AFRDI Approved Chair – So What?
AFRDI Approved office chairs are tested to the Australian New Zealand standard. This is based on European standards and in some ways is even tougher – chairs that comply with AS/NZS 4438 are ergonomically sound, tough, durable and safe
Ninety percent of the population – everyone other than the shortest 5 percent and the tallest 5 percent – should be able to adjust an AFRDI Approved chair to provide a comfortable work seat. The standard sets out a range of adjustments required for seat height, seat tilt, lumbar support and arm heights.
Chairs are measured using a special 64kg ‘dummy buttocks’ that takes into account the compression of seat foams and gas springs.
The effects of ‘normal abuse’ are reflected in the standard with a range of forces being applied ten times for 10 seconds each –
Someone standing on the chair (160kg for Level 4 and 200kg for Level 6)
Someone sitting on the arm (90kg for Level 4 and 120kg for Level 6, and there is a test for pulling the arms outwards as well)
To simulate rough treatment, the chair is dropped 10 times onto one leg (from a height of 300mm for Level 4 or 450mm for Level 6). In other tests a special 25kg weight is dropped five times onto the seat (from 240mm for Level 4 and 350mm for Level 6), and a 6.5kg hammer is swung through an arc of 1m onto the sides of the arms and the back of the chair.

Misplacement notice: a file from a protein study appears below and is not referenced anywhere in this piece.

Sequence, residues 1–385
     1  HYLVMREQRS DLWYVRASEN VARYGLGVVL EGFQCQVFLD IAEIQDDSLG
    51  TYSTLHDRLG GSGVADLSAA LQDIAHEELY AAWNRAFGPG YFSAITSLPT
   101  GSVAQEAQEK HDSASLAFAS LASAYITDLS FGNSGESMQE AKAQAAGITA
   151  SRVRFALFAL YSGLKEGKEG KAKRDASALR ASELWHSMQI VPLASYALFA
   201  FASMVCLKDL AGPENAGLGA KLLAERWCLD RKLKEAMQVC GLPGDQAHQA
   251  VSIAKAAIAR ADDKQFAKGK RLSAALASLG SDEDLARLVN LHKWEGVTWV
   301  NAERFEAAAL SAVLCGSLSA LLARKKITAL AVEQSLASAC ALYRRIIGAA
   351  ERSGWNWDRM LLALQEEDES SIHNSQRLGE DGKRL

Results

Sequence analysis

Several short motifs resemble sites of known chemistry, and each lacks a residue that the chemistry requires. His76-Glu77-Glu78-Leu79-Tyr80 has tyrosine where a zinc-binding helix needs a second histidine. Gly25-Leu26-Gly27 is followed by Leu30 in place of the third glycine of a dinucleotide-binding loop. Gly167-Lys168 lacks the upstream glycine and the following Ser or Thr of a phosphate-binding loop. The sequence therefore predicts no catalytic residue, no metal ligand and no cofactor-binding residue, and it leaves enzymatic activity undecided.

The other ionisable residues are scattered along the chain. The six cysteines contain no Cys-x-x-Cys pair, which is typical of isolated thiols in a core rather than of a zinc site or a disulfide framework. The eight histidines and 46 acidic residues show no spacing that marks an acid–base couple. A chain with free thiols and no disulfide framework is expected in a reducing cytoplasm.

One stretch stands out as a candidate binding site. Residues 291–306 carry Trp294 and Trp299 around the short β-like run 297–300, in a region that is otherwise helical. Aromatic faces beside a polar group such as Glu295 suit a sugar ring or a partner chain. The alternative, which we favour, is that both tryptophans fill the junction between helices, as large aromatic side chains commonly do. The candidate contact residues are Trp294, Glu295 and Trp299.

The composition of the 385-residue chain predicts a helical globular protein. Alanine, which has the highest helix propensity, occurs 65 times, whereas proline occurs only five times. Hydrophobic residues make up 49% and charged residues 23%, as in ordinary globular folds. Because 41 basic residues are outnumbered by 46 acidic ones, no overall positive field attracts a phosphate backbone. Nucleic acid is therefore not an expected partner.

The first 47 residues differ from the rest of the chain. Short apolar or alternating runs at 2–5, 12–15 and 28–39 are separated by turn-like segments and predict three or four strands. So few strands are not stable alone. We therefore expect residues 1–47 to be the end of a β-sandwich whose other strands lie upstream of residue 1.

Machines are used to simulate someone sitting on the chair, performing about 25,000 ‘sits’ per day, non-stop.
For Level 4 there are 100,000 sits performed with a seat load of 95kg. That is the equivalent of a user sitting on the chair 5 times every hour over a 38 hour week, for 52 weeks a year, over a ten year period.
Level 6 is even tougher – 200,000 sits with the equivalent of a person weighing 120kg.
The durability of the action, the castors and the swivel mechanism are tested separately.
The standard includes a requirement that there be no features that can cut or trap the user or anyone else in the vicinity of the chair – something that home office users with children might appreciate. There are tests for stability as well.
The Blue Tick means that It’s Independently verified
The Australasian Furnishing Research & Development Institute (known as AFRDI or Furntech) is an independent, not-for-profit organisation whose Blue Tick logo is a registered certification mark. Not only do the chairs have to comply with the standard, the supplier must agree to have their brochures and production checked on an on-going basis. Further information is available from Furntech at www.furntech.org.au or (03) 6326 6155